The postglacial re-colonization of Europe by temperate tree species from a few glacial refugia during the Holocene (10,000 BP) is a very interesting case to study the mechanisms of the vegetation dynamics. The relative roles that played the climate conditions, the species dispersal capacities and the inter-specific competition in the re-colonization rates remain controversial. We investigate these different aspects with the CARAIB dynamic vegetation model (CARAIB DVM). Transient runs were performed over the Holocene using the HadCM3 AOGCM-reconstructed climate. European-wide species migration at 0.5° x 0.5° is represented in the model using migration rates derived from a high resolution cellular automaton, CATS-UPSCALE. Individual tree species migration rates were pre-calculated with CATS-UPSCALE every 1000 years over each grid cell used by the DVM in the climatic conditions reconstructed by the AOGCM. The impacts of competition between species on plant dispersal are not taken into account by the automaton. Thus, in CARAIB, a function has been constructed to reduce the potential CATS migration rates in competition conditions. It is based on the species dispersal kernel and on the species net primary productivity. The migration of one species, from its 10,000 BP refugia, is studied within a landscape defined by a set of other species for which no dispersal limitations are assumed. Here, we illustrate the results obtained for two wind-dispersed (Abies alba and Picea abies) and for a no wind-dispersed (Fagus sylvatica) tree species. We compare the HadCM3 climate outputs with reconstructions of some climate variables from fossil dataset. The speeds and the paths of the postglacial spread obtained with the DVM are compared to the past distributions of the three species reconstructed from pollen and macrofossil data. The Holocene climate conditions simulated by the HadCM3 AOGCM do not constrain the European re-colonization of the studied species, except in Scandinavia at the beginning of the period for Picea abies. We observe that, during the past 10,000 years, species occupied regions where climate conditions were different from present observed species climate requirements, notably in the 10k species refugia. This result may imply that at present the species do not occupy their potential distribution area and thus that the postglacial re-colonization is not completed yet. We also show that species dispersal capacities cannot explain the observed species migration over the Holocene and that competition has played an important role. Indeed, when we use the potential migration rates (no competition), species migration rates are too fast. [less ▲]

Detailed reference viewed: 30 (4 ULg)
See detailSimulating the Holocene re-colonization of Europe by tree species using dynamic vegetation models
Dury, Marie ULg; Lehsten, Dörte; Warnant, Pierre et al

Poster (2011, July)

Pollen and macro-fossil data collected from various localities in Europe provide the opportunity to reconstruct the speed and the routes of the post-glacial spread of European tree species. Moving from a ... [more ▼]

Pollen and macro-fossil data collected from various localities in Europe provide the opportunity to reconstruct the speed and the routes of the post-glacial spread of European tree species. Moving from a limited number of refugia at the end of the glacial period, tree species have progressively re-colonized the continent through the Holocene at seemingly species-specific migration rates. However, the relative roles of climatic fluctuations, dispersal capacities of individual species, and inter-specific competition in controlling these rates remains controversial. Here, we investigate these different aspects with two dynamic vegetation models (DVM), LPJ-GUESS and CARAIB. Transient runs of both models were performed over the Holocene, using HadCM3 GCM-reconstructed climate. Large-scale species migration at 0.5°x0.5° is represented in these models using migration rates derived from a small-scale cellular automaton, CATS. Individual tree species migration rates were pre-calculated with CATS every 1000 years over each grid cell used by the DVMs in the climatic conditions reconstructed by the GCM. In the DVMs, these migration speeds were influenced by the response to competition from other species. The DVMs were used to study the migration of one species, from its 10 kyr BP refugia, within a landscape defined by a set of other species for which no dispersal limitations are assumed. Here, we illustrate the results obtained for three wind-dispersed tree species: Abies alba, Picea abies, Fagus sylvatica and compare them to their past distributions reconstructed from pollen and macro-fossil data. [less ▲]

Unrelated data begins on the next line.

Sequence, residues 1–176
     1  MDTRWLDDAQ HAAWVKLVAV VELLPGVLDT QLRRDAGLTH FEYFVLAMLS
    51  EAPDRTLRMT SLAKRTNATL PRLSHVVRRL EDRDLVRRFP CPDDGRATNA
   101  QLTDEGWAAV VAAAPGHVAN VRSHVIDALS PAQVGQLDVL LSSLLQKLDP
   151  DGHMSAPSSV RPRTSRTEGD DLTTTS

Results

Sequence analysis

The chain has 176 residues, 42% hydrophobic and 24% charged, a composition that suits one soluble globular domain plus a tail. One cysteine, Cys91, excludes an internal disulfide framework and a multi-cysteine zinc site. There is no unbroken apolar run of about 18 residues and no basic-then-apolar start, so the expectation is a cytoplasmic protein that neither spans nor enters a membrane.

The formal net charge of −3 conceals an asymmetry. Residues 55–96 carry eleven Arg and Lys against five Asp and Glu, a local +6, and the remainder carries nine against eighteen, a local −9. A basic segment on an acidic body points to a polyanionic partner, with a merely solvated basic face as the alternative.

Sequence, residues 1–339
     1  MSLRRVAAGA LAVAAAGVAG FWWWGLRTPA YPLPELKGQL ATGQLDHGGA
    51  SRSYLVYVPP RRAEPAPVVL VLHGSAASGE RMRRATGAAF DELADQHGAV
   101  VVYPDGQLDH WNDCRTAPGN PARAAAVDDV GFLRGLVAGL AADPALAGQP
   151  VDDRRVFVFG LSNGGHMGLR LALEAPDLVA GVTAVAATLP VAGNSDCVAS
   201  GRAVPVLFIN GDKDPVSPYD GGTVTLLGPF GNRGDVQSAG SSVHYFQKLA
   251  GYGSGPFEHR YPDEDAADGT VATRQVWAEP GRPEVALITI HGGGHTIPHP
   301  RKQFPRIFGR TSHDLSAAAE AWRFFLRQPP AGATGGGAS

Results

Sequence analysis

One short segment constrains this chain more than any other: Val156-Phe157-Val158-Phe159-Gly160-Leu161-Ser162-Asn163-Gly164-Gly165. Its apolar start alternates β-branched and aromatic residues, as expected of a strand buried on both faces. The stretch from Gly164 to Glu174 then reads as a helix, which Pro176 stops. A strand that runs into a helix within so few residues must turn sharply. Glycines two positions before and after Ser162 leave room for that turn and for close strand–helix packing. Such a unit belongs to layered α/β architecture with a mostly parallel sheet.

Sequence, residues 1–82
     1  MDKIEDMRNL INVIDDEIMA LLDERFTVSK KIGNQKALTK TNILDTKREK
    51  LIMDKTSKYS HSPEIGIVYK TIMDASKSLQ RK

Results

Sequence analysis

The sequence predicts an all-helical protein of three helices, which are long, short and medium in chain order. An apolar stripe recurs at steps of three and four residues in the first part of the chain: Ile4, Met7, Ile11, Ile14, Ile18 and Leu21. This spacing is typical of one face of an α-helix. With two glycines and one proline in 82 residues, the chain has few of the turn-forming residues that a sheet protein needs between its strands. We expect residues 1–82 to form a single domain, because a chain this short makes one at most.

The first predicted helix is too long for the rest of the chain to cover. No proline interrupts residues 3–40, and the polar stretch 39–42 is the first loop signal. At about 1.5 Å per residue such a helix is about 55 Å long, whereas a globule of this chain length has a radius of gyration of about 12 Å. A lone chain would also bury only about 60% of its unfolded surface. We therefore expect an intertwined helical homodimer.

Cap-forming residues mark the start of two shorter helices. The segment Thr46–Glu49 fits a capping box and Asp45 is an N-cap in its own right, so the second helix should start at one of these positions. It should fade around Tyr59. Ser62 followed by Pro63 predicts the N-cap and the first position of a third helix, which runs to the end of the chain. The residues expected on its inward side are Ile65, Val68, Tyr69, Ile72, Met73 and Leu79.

Detailed reference viewed: 30 (5 ULg)
See detailSimulating the Holocene re-colonization of Europe by tree species using dynamic vegetation models
Dury, Marie ULg; Lehsten, Dörte; Dullinger, Stefan et al

Poster (2011, April)

At the beginning of the Holocene (10.000 BP) started a progressive re-colonization of Europe by temperate tree species from a limited number of glacial refugia. To reconstruct the speed, seemingly species ... [more ▼]

At the beginning of the Holocene (10.000 BP) started a progressive re-colonization of Europe by temperate tree species from a limited number of glacial refugia. To reconstruct the speed, seemingly species-specific, and the routes of the postglacial spread of European tree species, fossil records collected from various localities in Europe are invaluable. However, the relative roles of climatic fluctuations, dispersal capacities of individual species, and inter-specific competition in controlling the re-colonization rates remain controversial. We investigate these different aspects with two dynamic vegetation models (DVM), LPJ-GUESS and CARAIB. Transient runs of both models were performed over the Holocene, using HadCM3 GCM-reconstructed climate. Large-scale species migration at 0.5◦ x0.5◦ is represented in these models using migration rates derived from a small-scale cellular automaton, CATS. Individual tree species migration rates were pre-calculated with CATS every 1000 years over each grid cell used by the DVMs in the climatic conditions reconstructed by the GCM. In the DVMs, these migration speeds were influenced by the response to competition from other species, expressed as a function of net primary production ratios. The DVMs were used to study the migration of one species, from its 10.000 BP refugia, within a landscape defined by a set of other species for which no dispersal limitations are assumed. Here, we illustrate the results obtained for wind-dispersed tree species and compare them to their past distributions reconstructed from pollen and macrofossil data. [less ▲]

Detailed reference viewed: 8 (1 ULg)